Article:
• joyscarbo

    My husband and I have been applying for government-funded mortgage loan modification. We’ve been turned down twice and then we found out the REAL DEAL with these modifications.
    Every time a homeowner applies for these government-funded mortgage modifications, the lender/bank gets tax credits, so the more applications for modificiations they get, the more $$ from the government they get, even though they’re virtually not helping anyone.
    So I ask, “What about the new banking lending practice regulations?” Those regulations are not being followed by banks because there aren’t auditors to ensure that the regulations are being followed. The banks/lenders are still acting in the same crooked-ass way. This is why virtually every town has a bounty of forclosed and short sale homes for sale. The bank/lenders just string the homeowner along until they are in a position to take your home.

    • rustacus21

      The real problem here is one Edward DeMarco, a holdover (4 some unGodly reason NO ONE can fathom!!!) from the previous administration, whose department is responsible for making (‘SUPPOSEDLY’) refinancing more streamlined & simple. Unfortunantly, this is the consequence of, to put it mildly, allowing a ‘simpleton’ to do the job of a professional. It was during the last administration, carrying over to this current one, that all the REAL professionals were jettisoned out of govt, due to ‘shrinkage’ & replaced w/political/ideological ‘HACKS’ who don’t know they a$@ from a hole in the ground. But don’t give up. Contact U’r Senator/Congressperson & call, write letters, even to the W.H., but DON’T GIVE UP!!!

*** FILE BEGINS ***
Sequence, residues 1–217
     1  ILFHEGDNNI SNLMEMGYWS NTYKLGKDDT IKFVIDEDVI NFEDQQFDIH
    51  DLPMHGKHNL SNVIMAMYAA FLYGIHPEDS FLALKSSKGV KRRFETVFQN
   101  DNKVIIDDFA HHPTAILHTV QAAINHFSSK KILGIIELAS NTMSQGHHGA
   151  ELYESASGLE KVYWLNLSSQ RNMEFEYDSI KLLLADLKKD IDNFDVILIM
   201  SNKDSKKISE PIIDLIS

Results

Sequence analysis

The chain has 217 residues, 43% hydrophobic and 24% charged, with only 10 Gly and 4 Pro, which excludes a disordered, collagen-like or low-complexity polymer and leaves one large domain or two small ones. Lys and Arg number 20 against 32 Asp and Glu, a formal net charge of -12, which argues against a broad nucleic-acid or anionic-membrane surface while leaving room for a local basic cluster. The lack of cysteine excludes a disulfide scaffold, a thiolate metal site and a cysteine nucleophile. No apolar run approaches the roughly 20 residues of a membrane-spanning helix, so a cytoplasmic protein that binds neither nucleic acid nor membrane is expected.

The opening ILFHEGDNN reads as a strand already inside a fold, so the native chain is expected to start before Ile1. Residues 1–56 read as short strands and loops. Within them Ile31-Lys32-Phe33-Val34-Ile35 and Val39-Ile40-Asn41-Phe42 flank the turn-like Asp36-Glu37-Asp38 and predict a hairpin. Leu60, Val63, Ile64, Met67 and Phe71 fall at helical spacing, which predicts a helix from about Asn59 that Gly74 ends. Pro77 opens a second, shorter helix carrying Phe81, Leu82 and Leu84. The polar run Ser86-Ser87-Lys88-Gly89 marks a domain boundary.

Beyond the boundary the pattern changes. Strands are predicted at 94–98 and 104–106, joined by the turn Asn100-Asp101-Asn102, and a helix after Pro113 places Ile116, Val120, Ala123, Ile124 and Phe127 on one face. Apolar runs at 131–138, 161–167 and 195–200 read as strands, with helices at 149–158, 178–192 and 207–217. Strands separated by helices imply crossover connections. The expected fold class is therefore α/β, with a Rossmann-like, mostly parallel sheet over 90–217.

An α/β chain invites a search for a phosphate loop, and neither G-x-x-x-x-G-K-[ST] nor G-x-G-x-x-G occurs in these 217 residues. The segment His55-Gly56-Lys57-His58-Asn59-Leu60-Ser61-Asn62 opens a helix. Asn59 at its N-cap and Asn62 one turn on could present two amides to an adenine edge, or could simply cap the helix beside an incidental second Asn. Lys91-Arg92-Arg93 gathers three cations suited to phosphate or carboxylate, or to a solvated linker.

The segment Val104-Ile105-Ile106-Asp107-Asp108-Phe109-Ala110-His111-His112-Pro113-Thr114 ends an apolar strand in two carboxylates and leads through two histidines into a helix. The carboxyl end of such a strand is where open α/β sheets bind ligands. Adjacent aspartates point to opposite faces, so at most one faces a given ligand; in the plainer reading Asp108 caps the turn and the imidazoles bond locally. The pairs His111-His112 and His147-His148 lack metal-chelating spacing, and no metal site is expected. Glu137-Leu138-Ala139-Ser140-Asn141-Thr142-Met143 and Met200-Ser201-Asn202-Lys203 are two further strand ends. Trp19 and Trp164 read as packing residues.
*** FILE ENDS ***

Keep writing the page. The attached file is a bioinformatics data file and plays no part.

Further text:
• joyscarbo

        Thank you for your words of encouragement. It’s a tough time for myself, an RN and my husband, Dietary Department Manager. It appears we will-eventually- lose our home. There is just no reason for the bank/lender to extend a modification….not when they can take my house payments, which is really like paying rent to the bank/lender- they pocket it and it doesn’t reduce my principle at all. It’s money thrown away. We need overseers to make bank/lenders accountable for the regulations that should have been in place to begin with. Its happening every day…and in every community…homes are being lost to their owners and our bank/lenders are laughing all the way to their banks. It’s still all a rigged game. I’m just ashamed that I’m the stoop of republican scams. I will take your advice and contact my congress and senate representatives. I already have. I will keep going until I’m ordered out of my home.

  • howa4x

    The shareholders have to take the haircut if a firm fails, no doubt about it. Too big to fail firms need to be broken up to avoid a sestemic risk to the rest of the system. We see in this JPMorgan fiasco that the large banks have learned nothing from the 08 collapse. They continue ot engage in risky bets, this time in Europe out of sight of US regulators. They are still recklass and need to be broken up. Problem is no one in either party has the courage to do it, and because of this allow our economy to sit on a roller coaster. Wall St profits are back thanks to the tax payer. Now we need to force them to make the loans nesscessary to grow business and not just sit on billions of our money and not just play at the global casino. If the incumbants in Congress can’t do this then get out of the way and let people with some courage in the door.